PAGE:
Football Management

Commentary on the management of over 160 English football clubs by Dr John Beech, winner of the FSF Writer of the Year Award 2009/10 Twitter: @JohnBeech Curator of Scoop.it! Football Finance

Premier League wages

Posted by John Beech on June 6, 2009

Deloitte’s Annual Review of Football Finance is eagerly awaited by fans of the football business, and this week’s appearance was no exception (1). Their view that, all in all, the Premier League garden is rosy, was repeated in reports such as that of the BBC, which is headlined “Premier League ‘defies downturn'” (2).

Over recent seasons I have been concerned with Deloitte’s penchant for equating ‘richness’ with ‘revenues’, and their latest report continues a trend of focusing on positives. Am I alone in thinking that they are in danger of slipping into putting a positive spin on things?

Take for example their reporting of a 62% figure for wages/revenue ratio for the Premier League (3), almost down to the level of 60% advocated by Michel Platini, and the figure now mandatory for League 2 clubs.

How meaningful is this aggregative figure when clubs have quite different base lines of revenues? The figure will inevitably be skewed towards the ratios of the clubs with the bigger revenues.

The day before the Deloitte’s Report hit the headlines David Conn of the Guardian had published his own survey of the finances of the Premier League clubs, giving details from the latest financial reports of individual clubs (4). These reveal that the revenues of individual clubs varied from the £252.6m of Manchester United down to the £43m of Wigan Athletic (and lower figures still for clubs such as Hull City where the latest figures cover their promotion season in the Championship, a factor which also affects the Deloitte aggregative figure).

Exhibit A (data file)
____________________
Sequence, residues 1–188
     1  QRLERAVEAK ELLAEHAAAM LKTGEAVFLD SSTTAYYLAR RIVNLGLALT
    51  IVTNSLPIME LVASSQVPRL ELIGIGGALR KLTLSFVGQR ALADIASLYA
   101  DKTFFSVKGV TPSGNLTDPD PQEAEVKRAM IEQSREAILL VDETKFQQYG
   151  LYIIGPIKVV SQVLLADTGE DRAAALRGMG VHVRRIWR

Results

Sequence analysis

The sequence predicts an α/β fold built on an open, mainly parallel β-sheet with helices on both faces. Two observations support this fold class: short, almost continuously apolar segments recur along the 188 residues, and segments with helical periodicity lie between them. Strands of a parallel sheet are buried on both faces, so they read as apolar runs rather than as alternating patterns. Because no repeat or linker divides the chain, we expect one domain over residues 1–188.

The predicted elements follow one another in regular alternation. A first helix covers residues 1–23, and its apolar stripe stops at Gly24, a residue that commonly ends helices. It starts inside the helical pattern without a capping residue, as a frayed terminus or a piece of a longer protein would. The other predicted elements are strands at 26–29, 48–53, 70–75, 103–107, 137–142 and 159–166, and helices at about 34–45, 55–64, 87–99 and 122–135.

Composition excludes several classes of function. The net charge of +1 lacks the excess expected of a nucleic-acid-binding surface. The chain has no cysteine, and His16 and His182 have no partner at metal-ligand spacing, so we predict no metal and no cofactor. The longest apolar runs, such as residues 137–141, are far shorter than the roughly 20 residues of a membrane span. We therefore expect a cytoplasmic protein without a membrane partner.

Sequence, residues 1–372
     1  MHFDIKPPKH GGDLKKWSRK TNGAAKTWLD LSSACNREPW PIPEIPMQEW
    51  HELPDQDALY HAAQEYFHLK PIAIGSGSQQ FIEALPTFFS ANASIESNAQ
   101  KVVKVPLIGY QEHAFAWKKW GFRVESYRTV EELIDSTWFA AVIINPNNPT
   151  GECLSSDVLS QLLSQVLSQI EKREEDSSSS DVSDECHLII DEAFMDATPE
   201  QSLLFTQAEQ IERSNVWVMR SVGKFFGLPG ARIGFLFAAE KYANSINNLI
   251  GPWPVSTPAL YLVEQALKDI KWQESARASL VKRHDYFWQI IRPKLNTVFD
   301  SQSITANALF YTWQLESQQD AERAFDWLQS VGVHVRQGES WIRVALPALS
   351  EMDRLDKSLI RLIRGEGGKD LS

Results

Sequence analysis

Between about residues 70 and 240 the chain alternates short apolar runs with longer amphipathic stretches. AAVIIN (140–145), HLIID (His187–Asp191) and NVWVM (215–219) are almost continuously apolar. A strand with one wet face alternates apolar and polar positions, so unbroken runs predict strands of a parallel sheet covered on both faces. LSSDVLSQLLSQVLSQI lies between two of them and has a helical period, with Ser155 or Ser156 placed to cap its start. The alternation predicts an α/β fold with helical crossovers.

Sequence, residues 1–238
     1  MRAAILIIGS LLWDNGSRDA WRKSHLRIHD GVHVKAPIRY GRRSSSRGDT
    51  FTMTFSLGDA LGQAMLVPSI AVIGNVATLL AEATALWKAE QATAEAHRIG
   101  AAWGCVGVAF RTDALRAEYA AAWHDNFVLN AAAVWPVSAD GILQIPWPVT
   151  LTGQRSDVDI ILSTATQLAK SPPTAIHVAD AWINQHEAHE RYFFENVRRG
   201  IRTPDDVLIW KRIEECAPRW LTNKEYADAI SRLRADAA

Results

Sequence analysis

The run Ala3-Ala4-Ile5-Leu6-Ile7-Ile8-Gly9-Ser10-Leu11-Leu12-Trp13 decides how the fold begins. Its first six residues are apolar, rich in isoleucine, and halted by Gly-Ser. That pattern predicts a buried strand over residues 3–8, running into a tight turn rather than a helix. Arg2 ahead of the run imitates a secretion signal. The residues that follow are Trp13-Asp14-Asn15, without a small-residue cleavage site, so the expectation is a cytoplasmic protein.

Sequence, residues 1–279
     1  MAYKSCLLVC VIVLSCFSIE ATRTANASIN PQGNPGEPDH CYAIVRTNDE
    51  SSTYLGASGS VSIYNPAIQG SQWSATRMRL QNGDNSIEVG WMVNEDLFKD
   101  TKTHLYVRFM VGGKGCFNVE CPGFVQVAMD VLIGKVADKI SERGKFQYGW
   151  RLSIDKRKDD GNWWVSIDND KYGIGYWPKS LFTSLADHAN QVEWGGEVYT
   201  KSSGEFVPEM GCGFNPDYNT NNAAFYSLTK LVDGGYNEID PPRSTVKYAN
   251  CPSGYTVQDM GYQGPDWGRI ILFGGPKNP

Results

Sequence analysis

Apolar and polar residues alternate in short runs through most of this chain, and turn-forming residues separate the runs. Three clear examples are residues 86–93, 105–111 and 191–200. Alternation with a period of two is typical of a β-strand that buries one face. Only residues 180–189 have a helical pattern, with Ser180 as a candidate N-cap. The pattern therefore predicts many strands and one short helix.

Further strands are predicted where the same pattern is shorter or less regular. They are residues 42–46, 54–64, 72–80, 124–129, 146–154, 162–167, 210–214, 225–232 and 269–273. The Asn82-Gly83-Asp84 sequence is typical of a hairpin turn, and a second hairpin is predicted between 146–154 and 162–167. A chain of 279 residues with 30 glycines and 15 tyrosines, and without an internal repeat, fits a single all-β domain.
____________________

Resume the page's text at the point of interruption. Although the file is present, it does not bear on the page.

It is worth recording the figures for wages/revenues as abstracted from Conn’s data (with figures covering clubs with Championship seasons italicised):

Stoke City – 106% of revenues of £11.2m
Wigan Athletic – 89% of revenues of £43m
West Bromwich Albion – 80% of revenues of £27.2m
Portsmouth – 78% of revenues of £54.7m
Hull City – 77% of revenues of £9m
West Ham United – 76% of revenues of £57m
Newcastle United – 74% of revenues of £100.8m
Fulham – 73% of revenues of £53.7m
Middlesbrough – 73% of revenues of £48m
Blackburn Rovers – 70% of revenues of £56.4m
Chelsea – 68% of revenues of £213.6m
Aston Villa – 66.7% of revenues of £75.6m
Bolton Wanderers – 66% of revenues of £59.1m
Manchester City – 66% of revenues of £54.2m
Everton – 59% of revenues of £76m
Sunderland – 58% of revenues of £63.6m
Manchester United – 47% of revenues of £256.2m
Tottenham Hotspur – 46% of revenues of £114.7m
Arsenal – 45% of revenues of £222.5m
(Liverpool – wages bill n/a; revenues of £159m)

These figures reveal, in addition to the wide variation between clubs:

  • that only three clubs are well within the figure of 60% (or the ‘average’ of 62%), with two other clubs just within it;
  • the high risk strategies pursued by Wigan, Portsmouth, West Ham, Newcastle, Fulham, Portsmouth, Middlesbrough and Blackburn;
  • the rather scary proposition that Manchester United and Arsenal might well have been even more dominant if they had not been constrained by their debt levels;
  • the high risk strategy that must be pursued to gain promotion from the Championship, and the further evidence this provides in support for the case for rocket payments (5)
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